The terms "Internet of things" (IoT) and "connected home" are two of the trendiest buzzwords in the technology world today. And while both clearly offer very real potential, they also introduce their own share of risk, particularly if they're not approached with caution, according to Jerry Irvine, an owner and CIO of IT outsourcing services firm, Prescient Solutions.
Irvine, who is a member of the National Cybersecurity Partnership (NCSP), a "public-private partnership...established to develop shared strategies and programs to better secure and enhance America's critical information infrastructure," says his expertise is general cybersecurity and system communications. And he has the certifications to prove it. The Prescient CIO's resume includes CISM, CISA, CISSP, MCSE, CCNA, CCNP, CCDA, CCDP, CNE, CBCP, CASP, CIPP/IT, IAPP/IT, ITIL, CGEIT, and Cisco Wireless Professional certifications.
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"Any security cert that's out there, if I don't have it, if you find one, you let me know, and I'll go get it," Irvine told CIO.com Senior Editor Al Sacco.
Irvine spoke with Sacco about IoT and connected-home security, as well as how both consumers and enterprises can prepare for the flood of coming device -- and protect themselves from hackers looking to leverage the IoT to steal sensitive personal or corporate data.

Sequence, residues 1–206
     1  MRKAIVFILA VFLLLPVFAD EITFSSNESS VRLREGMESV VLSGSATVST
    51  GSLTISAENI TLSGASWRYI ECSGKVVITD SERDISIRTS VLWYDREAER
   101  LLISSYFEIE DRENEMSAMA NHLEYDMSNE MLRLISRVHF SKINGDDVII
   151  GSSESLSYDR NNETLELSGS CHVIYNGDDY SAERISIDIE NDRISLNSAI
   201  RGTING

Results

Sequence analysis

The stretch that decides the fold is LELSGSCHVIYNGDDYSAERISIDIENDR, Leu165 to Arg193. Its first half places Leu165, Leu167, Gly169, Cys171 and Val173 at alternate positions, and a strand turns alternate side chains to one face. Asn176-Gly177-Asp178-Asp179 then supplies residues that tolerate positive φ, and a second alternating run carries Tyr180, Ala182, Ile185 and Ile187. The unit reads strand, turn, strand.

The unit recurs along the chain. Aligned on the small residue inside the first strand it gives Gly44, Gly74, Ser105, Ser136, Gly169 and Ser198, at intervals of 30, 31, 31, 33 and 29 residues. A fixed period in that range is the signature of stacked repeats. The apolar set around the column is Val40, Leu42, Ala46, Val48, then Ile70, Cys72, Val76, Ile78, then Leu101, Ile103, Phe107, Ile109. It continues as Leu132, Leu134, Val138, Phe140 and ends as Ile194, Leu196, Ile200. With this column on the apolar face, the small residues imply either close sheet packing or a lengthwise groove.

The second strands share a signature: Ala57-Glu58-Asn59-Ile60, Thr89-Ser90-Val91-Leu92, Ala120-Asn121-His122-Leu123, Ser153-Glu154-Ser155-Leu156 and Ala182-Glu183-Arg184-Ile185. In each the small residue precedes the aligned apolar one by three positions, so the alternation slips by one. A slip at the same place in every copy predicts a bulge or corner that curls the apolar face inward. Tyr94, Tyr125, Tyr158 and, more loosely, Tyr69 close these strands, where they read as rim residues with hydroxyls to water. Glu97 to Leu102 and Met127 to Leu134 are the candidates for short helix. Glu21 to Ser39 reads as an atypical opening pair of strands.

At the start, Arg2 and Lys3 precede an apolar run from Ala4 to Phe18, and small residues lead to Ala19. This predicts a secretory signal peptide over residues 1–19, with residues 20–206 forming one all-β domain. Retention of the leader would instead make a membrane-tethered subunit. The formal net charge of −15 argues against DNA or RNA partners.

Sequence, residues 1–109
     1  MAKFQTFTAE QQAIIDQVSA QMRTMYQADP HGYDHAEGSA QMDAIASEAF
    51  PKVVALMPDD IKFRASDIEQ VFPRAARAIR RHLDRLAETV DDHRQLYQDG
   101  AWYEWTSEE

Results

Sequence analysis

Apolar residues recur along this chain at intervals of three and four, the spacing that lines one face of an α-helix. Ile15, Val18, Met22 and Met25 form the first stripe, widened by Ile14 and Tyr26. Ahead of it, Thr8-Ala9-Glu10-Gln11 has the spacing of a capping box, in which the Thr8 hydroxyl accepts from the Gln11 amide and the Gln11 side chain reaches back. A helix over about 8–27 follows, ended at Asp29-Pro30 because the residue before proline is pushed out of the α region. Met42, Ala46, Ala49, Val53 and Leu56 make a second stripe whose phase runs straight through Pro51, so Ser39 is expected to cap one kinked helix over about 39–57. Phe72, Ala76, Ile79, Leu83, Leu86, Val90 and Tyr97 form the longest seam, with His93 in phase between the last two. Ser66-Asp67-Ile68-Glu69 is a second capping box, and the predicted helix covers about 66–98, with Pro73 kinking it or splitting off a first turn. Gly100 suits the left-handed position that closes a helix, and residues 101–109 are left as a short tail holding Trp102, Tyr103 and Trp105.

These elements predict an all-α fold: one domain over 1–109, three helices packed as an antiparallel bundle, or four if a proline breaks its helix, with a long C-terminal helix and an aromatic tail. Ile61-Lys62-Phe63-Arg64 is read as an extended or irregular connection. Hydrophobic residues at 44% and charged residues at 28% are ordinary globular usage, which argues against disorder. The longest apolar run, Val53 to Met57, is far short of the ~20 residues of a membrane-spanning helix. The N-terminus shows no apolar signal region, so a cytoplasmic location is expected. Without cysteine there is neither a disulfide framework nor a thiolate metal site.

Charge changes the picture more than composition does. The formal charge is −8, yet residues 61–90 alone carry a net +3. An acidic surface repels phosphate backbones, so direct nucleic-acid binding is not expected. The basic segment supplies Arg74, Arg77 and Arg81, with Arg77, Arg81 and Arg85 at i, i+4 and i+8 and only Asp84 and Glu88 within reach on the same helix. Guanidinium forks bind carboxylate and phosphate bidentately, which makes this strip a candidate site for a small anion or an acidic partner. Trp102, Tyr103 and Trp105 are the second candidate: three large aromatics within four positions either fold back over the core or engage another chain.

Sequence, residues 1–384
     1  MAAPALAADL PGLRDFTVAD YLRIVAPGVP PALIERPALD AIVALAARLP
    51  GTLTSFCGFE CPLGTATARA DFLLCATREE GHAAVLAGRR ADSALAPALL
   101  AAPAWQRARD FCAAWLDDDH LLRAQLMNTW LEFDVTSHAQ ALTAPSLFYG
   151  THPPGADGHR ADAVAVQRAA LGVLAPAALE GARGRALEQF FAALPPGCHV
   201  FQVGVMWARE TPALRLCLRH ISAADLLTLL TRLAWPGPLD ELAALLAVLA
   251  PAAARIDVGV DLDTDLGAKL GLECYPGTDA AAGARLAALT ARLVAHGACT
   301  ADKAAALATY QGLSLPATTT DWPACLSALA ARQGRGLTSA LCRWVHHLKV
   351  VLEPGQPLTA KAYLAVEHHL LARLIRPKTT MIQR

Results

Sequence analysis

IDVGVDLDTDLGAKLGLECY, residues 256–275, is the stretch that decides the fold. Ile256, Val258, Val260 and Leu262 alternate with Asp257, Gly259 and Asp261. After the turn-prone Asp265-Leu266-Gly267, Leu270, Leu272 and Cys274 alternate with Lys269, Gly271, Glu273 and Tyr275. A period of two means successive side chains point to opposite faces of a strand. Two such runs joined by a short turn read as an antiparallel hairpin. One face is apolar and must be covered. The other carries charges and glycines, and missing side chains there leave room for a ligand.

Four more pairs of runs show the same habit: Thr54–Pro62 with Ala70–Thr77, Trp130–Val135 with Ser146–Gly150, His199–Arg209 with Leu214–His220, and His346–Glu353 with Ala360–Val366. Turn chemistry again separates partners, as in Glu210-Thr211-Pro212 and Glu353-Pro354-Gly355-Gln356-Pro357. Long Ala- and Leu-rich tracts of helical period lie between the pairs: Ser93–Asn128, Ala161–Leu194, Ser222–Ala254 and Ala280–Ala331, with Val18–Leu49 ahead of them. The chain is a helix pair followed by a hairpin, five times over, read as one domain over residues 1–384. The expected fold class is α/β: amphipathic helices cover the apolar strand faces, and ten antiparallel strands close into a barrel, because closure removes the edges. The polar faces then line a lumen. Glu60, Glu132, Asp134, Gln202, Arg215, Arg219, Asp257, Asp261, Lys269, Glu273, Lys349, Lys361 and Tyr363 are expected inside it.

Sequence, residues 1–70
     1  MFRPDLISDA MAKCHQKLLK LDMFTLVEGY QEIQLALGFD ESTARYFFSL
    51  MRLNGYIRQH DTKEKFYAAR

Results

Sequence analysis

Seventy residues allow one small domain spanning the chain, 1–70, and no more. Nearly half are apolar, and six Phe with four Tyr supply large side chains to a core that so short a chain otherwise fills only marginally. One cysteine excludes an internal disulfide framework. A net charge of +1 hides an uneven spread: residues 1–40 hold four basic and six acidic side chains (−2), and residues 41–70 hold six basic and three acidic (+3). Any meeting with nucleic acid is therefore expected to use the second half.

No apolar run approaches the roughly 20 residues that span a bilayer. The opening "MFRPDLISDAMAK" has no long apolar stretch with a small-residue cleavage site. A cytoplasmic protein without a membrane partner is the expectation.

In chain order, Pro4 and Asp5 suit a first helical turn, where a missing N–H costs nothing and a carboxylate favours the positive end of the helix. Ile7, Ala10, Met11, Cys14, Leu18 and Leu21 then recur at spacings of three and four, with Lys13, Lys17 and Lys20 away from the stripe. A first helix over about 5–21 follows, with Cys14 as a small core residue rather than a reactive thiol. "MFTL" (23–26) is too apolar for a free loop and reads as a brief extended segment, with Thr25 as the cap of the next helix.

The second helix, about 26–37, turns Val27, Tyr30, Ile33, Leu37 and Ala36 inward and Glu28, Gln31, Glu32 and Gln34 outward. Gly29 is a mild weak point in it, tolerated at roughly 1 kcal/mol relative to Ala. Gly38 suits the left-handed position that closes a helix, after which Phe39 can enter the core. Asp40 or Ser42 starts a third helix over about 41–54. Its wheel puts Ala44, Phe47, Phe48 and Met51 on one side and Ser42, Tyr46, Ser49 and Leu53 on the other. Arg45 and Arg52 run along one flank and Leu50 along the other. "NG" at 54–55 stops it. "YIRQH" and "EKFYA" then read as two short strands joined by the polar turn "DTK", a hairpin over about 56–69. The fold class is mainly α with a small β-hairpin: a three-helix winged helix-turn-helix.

CIO: What exactly does the term "Internet of things" mean to you?
Jerry Irvine: It means the interconnectivity of things. It's not just the Internet in general, but the ability for devices, all types of devices, to communicate. They communicate across a publicly-accessible, unsecure Internet. Basically everything we have today is being configured for us to remotely control and manage it. And the infrastructure is the Internet.
CIO: What do you think of first when you consider IoT?
Irvine: Truthfully, it's scary as hell. The Internet in and of itself is an insecure and highly-risky environment. It's like walking down an alley at night without the appropriate security measures.
The first remotely controlled devices were manufacturing devices, heating and air conditioning, things of that nature. They were not very intelligent. They were simply a means to gather information and provide remote connectivity of manufacturing equipment so that technicians could manage more devices and get alerts when something was going wrong.
No security measures were ever put in place. The manufacturers of these "Internetable" home devices are doing the same thing that the manufacturing companies did years ago, and they're making these unintelligent, insecure pieces of equipment that are designed to do one or two things with very little security measures put in place. They may have an individual user ID and password, but there's very little else they do for security. So when you start "Internetting" all of this equipment, you're really leaving yourself susceptible to it.
CIO: When many consumers think of the IoT, they think of the connected home, connected appliances. Have you heard of any specific threats targeting consumers via these kinds of devices?